The Old Dominion Hounds were formed in 1924 as a private pack by Sterling Larrabee. During the first season, Mr. and Mrs. Larrabee hunted every day the weather allowed—either alone or with a few farmers and friends—up until Christmas. In January of 1924, the couple went abroad and hunted in England.
For the first few years, Mr. Larrabee had to contend with a scarcity of foxes and relatively few unsatisfactory hounds, but he persevered. Matters improved until 1930, then the Depression hit. To keep the pack going, Larrabee changed the name of the pack from Mr. Larrabee’s Hounds to The Old Dominion Hounds and began to accept subscriptions. His many difficulties notwithstanding, Mr. Larrabee sacrificed much to keep the Old Dominion Hounds going.
For their first seven years, the Junior North American Field Hunter Championships took place in Virginia, mostly at Old Whitewood, part of Orange County's country in The Plains. However, after Alex Matz won the First Flight (12-and-Under) championship in 2009, the notion of staging the next finals in Mr. Stewart's Cheshire country came to fruition. Blue Ridge Hunt's David Pawlak partnered with the indubitable Paris to ace the individual test in the First Flight and claim their second consecutive 13-18 championship. Makayla Benjamin (Loudoun West) and Butterfly Painting went home with the reserve tri-color.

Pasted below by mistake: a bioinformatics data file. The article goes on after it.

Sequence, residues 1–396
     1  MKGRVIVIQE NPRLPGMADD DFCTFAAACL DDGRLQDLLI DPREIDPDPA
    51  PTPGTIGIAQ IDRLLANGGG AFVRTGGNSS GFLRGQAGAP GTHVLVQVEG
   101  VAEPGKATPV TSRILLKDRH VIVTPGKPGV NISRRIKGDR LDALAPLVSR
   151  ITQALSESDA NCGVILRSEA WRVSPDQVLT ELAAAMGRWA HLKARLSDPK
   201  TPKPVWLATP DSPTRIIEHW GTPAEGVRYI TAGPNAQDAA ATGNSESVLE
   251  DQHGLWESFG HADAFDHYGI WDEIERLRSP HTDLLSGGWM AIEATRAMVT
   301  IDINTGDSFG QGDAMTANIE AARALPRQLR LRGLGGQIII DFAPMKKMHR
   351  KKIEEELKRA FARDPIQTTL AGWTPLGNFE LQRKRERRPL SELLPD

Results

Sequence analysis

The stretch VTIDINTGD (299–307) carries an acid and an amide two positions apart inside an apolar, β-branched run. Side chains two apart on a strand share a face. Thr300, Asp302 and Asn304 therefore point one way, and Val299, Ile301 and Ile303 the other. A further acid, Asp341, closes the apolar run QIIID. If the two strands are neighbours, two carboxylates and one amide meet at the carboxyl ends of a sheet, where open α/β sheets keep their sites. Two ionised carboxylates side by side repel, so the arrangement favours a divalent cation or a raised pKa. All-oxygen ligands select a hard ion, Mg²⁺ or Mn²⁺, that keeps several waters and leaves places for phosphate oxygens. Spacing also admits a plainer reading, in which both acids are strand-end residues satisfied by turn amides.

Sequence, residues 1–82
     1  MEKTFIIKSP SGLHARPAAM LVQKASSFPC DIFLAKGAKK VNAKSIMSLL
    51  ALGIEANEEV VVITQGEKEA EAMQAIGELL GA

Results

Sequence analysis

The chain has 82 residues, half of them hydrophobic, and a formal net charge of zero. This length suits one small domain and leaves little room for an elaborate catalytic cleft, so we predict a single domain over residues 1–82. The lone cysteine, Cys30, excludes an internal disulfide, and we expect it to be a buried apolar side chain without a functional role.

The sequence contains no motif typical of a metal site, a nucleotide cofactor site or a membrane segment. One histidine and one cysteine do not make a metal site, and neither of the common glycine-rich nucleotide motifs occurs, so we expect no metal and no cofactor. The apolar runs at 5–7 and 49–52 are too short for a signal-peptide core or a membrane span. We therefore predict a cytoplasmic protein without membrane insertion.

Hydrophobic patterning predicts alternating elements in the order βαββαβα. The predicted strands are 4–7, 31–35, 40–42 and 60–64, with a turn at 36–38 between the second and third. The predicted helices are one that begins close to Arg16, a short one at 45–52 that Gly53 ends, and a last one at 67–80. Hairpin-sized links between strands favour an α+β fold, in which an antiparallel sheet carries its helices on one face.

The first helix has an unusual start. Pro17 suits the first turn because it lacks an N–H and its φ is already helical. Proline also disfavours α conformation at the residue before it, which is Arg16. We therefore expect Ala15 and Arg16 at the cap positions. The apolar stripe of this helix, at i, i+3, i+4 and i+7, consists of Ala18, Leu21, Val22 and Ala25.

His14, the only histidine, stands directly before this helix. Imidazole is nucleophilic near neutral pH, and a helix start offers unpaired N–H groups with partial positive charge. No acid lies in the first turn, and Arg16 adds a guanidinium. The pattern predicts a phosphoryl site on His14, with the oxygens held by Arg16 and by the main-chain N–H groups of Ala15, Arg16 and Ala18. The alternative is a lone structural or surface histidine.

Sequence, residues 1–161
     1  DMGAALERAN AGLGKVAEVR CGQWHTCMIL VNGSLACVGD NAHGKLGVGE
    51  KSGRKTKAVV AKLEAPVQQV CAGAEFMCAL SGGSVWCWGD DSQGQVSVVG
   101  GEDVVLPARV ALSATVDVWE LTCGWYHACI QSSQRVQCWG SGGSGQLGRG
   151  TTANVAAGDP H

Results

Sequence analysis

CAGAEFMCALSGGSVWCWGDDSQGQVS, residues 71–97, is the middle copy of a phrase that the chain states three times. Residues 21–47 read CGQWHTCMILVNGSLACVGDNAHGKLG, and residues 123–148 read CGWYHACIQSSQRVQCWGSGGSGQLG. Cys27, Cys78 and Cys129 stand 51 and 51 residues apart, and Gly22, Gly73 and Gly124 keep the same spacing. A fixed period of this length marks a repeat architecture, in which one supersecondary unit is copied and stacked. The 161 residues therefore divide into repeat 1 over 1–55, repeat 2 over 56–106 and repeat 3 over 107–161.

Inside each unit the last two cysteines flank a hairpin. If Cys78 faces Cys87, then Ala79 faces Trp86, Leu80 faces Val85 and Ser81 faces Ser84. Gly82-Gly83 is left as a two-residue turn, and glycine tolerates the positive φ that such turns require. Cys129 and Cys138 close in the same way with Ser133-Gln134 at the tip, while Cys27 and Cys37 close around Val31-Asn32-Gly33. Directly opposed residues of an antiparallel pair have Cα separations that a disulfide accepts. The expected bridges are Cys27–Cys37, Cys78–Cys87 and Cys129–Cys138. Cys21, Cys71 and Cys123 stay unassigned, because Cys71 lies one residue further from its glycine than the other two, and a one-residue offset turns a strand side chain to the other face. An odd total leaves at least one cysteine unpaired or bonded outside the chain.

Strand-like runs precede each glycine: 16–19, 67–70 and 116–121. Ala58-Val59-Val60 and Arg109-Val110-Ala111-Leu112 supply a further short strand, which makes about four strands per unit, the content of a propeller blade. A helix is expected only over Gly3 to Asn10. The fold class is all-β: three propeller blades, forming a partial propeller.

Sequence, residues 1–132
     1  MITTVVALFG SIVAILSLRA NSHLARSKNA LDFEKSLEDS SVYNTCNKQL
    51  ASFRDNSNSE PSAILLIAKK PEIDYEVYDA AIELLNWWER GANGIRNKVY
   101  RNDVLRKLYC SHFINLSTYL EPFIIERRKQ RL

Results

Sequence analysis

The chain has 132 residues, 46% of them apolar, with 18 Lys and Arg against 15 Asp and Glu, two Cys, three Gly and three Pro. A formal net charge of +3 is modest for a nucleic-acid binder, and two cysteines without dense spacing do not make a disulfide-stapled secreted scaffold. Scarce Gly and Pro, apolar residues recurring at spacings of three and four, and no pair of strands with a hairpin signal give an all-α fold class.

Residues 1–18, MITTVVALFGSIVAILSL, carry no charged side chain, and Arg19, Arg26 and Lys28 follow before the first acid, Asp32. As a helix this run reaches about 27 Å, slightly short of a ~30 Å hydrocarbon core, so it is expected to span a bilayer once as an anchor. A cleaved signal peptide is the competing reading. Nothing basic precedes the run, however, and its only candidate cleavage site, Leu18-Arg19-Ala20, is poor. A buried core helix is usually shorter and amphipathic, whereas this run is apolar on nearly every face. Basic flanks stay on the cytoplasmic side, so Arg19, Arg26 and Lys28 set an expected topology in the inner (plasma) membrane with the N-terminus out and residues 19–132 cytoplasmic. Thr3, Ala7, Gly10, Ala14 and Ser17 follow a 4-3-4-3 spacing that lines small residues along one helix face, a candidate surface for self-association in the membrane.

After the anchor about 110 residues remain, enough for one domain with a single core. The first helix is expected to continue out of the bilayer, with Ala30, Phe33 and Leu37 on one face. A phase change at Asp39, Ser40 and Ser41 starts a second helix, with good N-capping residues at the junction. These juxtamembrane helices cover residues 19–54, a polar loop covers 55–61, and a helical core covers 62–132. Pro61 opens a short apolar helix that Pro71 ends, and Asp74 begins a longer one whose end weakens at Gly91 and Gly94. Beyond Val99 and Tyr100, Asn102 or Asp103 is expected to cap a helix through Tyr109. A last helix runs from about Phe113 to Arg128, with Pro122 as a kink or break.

Bright Hunting Morn: The 125th Anniversary of Radnor Hunt, The Derrydale Press, 2008, 357 pages, four-color, 10-1/4 x 14 inches (large format), glossy, ISBN 1-58667-111-1
"...beautiful tome, written and crafted with great attention to detail....wonderful vintage photographs and gorgeous artwork....magnificent." (Covertside, Spring 2009)
This article from The Philadelphia Inquirer on November 29, 1889 was reproduced in Bright Hunting Morn: The 125th Anniversary of Radnor Hunt by Collin F. Mc Neill. The merits of the English and the American hounds were being argued by their respective proponents even then!